Faculty Research 1980 - 1989

Title

Distribution of tumor-sensitized cells during the induction of permanent tumor regression by chemoimmunotherapy: the use of glucose phosphate isomerase as a marker.

Document Type

Article

Publication Date

1984

Keywords

Animal, Comparative-Study, Cyclophosphamide: tu, Glucosephosphate-Isomerase: an, ge, Immunization-Passive: mt, Lymph-Nodes: en, im, Male, Methylcholanthrene, Mice, Mice-Inbred-C57BL, Neoplasm-Transplantation, Sarcoma-Experimental: ci, im, th, Spleen: en, im, SUPPORT-U-S-GOVT-P-H-S, Time-Factors

JAX Location

98

JAX Source

Int-J-Cancer. 1984 Oct 15; 34(4):575-80.

Grant

CA27523

Abstract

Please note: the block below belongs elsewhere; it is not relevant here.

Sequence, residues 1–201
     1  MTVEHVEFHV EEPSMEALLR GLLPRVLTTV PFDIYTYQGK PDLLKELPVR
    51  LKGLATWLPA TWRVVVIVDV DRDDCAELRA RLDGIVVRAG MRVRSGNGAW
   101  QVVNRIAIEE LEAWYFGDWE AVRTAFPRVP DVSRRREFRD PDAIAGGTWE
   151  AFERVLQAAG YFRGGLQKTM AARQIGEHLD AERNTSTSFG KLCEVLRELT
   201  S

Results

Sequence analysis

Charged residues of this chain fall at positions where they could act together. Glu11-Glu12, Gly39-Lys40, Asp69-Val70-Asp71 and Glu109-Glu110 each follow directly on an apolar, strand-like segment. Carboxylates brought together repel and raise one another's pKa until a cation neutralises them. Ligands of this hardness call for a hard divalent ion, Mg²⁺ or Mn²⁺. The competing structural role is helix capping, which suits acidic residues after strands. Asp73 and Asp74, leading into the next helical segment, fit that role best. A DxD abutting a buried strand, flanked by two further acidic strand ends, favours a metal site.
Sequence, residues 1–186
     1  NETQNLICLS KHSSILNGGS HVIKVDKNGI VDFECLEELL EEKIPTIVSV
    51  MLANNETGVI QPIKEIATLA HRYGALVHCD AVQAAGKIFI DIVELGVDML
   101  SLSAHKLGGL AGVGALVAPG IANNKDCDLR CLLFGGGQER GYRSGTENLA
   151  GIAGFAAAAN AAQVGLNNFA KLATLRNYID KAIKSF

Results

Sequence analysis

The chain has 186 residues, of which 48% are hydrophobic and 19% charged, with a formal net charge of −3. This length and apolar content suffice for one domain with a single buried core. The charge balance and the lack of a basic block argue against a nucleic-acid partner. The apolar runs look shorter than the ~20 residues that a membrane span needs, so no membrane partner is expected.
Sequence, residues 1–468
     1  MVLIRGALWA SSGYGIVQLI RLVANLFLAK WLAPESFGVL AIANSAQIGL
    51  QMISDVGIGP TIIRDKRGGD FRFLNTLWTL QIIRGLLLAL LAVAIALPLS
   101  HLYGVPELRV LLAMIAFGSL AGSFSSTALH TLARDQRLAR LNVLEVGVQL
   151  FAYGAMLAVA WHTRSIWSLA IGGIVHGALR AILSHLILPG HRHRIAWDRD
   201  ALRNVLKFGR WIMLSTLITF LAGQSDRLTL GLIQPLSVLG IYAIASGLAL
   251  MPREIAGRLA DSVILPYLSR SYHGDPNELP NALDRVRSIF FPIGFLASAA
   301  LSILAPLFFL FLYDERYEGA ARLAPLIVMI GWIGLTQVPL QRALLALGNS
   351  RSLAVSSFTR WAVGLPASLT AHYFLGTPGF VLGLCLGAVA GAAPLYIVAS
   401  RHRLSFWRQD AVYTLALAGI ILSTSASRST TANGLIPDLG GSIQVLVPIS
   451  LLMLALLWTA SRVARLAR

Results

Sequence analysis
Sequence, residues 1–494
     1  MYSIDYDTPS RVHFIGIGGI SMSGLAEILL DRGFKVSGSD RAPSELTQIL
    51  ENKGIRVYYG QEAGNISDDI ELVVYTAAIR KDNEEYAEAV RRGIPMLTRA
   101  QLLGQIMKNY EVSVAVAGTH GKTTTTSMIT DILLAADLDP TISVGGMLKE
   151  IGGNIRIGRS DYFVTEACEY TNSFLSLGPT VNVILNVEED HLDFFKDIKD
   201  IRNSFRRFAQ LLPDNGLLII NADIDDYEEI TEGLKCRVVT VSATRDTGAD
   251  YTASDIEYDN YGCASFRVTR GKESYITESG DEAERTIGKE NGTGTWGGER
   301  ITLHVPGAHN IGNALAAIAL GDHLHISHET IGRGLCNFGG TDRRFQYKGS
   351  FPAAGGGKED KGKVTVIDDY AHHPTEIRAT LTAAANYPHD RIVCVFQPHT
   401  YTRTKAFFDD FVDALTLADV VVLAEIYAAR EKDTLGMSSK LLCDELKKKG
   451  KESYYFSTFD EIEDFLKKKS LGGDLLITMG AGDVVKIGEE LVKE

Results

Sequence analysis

Using a previously described tumor model system, in which permanent tumor eradication was induced by treatment with cyclophosphamide (CY) and adoptively transferred tumor-sensitized (immune) spleen cells, we determined the distribution of the transferred cells in recipient mice. The experiments were carried out using the C57BL/6J (B6) sarcoma, MCA/76-9, and B6 and congeneic B6.CAST.Gpi-Ia strains, which are homozygous for the glucose phosphate isomerase (Gpi) alleles Ib and Ia respectively. Thus, tumor-bearing mice of the one strain were injected with CY (200 mg/kg) 10 days after implantation of tumor cells and 4 h later with an intravenous injection of 50 X 10(6) immune cells from presensitized mice of the other strain. It was observed that the donor-type isozyme was expressed in the tumor within 24 h of injection and continuously up to the time at which the tumor mass had totally regressed (11 days). The tumor-associated macrophage and neutrophil fractions were shown to express host-type isozyme, while the lymphocyte fraction expressed isozyme of both host and donor type. The donor-type isozyme did not appear in the blood until day 4 but persisted thereafter for long periods. The spleen and lymph nodes expressed donor-type isozyme by 1 day after chemoimmunotherapy and remained positive for the duration of the experiments. The adoptive transfer of normal (non-immune) spleen cells gave similar results, except that donor-type isozyme did not persist at the tumor site. The conclusion reached was that the injection of either normal or immune donor spleen cells after CY treatment of B6 mice gave rise to chimeric mice, in which the distribution of normal and immune donor cells was basically similar in terms of overall isozyme expression. However, only immune donor cells resulted in the appearance of both donor and host T cells at the tumor site, suggesting amplification of both donor and host lymphocyte function either at the tumor site or in the lymphoid tissues.

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